Scott Lear
Scott Lear
7/17/18 11:41 a.m.

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Not long after the Model T Ford brought motoring to the masses, some clever entrepreneurs realized that they could make a few bucks by providing cars on a short-term basis to people in need. As simple as that, the rental car business was born.

Joe Saunders of Nebraska is credited as the first person to rent out his Model T. His target market was traveling salesmen, but it’s rumored that his first customer in 1916 wanted the car so he could impress a date.

Walter Jacobs took a larger-scale approach when he started renting and servicing a fleet of a dozen Model Ts in Chicago two years later. When John Hertz’s Yellow Cab Co. acquired Walter’s business in 1923, it was bringing in $1 million per year.

Air travel went nuts after World War II. All of those flyers needed a way to get around, so the rental car market enjoyed a similar explosion in popularity. Today’s rental options range from economy passenger cars and moving trucks to hyper-exotic street machines. A set of wheels are just a valid driver’s license and credit card away.

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racerdave600 UltraDork
7/17/18 2:19 p.m.

We used to rent seats in IMSA, and it is a better deal than buying, unless you wreck it.  Most "renters" require you to be responsible for damage to the car, including if you total it.  We had one poor guy that didn't even take the green and was taken out by a competitor that turned him around in front of the field.  He had to write a check for a not so cheap race car.  He was considered an up and comer, but I never heard about him again after that.  So keep in mind if you do rent, that you should be able to still buy the car and throw it off a cliff if the worst happens.  

irish44j UltimaDork
7/17/18 4:55 p.m.

I'd rather build (or buy) a car to race, so if it gets balled up, i can just stick it in my garage until finances area available to fix it (or not fix it) rather than have to write a check for the cost of the car. I know some people rent stage rally cars, which totally blows my mind since there is an even better chance of wrecking those. I worry enough about wrecking my own rally car and am somewhat cautious. In a rental car I'd be driving half-speed I think lol....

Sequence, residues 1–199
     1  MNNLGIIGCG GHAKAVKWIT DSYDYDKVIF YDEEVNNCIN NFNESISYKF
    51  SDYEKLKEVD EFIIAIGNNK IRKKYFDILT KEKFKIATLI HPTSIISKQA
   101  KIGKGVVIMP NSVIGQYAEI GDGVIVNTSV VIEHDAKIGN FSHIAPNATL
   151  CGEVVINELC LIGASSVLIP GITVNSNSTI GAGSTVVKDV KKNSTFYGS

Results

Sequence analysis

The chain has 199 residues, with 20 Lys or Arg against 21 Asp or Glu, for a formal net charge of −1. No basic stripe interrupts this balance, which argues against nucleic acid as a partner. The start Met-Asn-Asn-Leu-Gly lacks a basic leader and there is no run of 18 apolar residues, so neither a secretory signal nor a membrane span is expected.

HapDL New Reader
7/18/18 10:05 a.m.

The level of ignorance about "pro" auto racing among most race "fans" is astounding.  At least half the drivers in any "pro" event are paying for the ride, for sure the only real pros are the ones piloting the factory GTE/GTLM cars.  Every other class is just chock full of pay to play people, and the level of driving reflects it these days.  Crash, full course yellow, crash, full course yellow, rinse and repeat.  Not a good show at all. 

Appleseed MegaDork
7/18/18 10:33 a.m.

If it floats, berkeleys, or flies, it's cheaper to rent than buy.

stuart in mn
stuart in mn UltimaDork
7/18/18 1:12 p.m.

There's a lot to be said for doing an arrive and drive with a rental, I did it for about a decade with a spec racer Ford.  For one thing, when you're not on the track you can be relaxing with a cold drink, rather than feverishly working on the car to get it ready for the next session. smiley  Even with some repair costs over the years, I spent less on rental than if I had bought a car (and that's not counting having to have a truck and trailer to haul the thing around, a place to keep it at home, etc.)

slefain PowerDork
7/18/18 3:13 p.m.

Hertz still rents Mustangs right? Just make sure to get the insurance.

LanEvo HalfDork
7/18/18 5:02 p.m.

My only real concern with arrive-and-drive is wrecking the car. Seems to me that it would be:

  1. more likely to happen, since I probably woundn't know the car very well; and
  2. more financially punishing, since I'd have to pay all the repair costs up front.

If I ball-up my own car, I have the option of dumping it on my driveway for the rest of the season. I could repair it or part it out at my own pace as time and money allows.

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